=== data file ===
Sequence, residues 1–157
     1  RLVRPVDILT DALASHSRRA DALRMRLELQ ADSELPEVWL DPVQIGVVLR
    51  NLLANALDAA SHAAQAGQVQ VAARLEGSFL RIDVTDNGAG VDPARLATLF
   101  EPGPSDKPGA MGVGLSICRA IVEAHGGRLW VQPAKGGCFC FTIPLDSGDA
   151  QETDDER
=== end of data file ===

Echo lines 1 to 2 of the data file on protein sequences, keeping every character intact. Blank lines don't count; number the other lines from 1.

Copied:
Sequence, residues 1–157
     1  RLVRPVDILT DALASHSRRA DALRMRLELQ ADSELPEVWL DPVQIGVVLR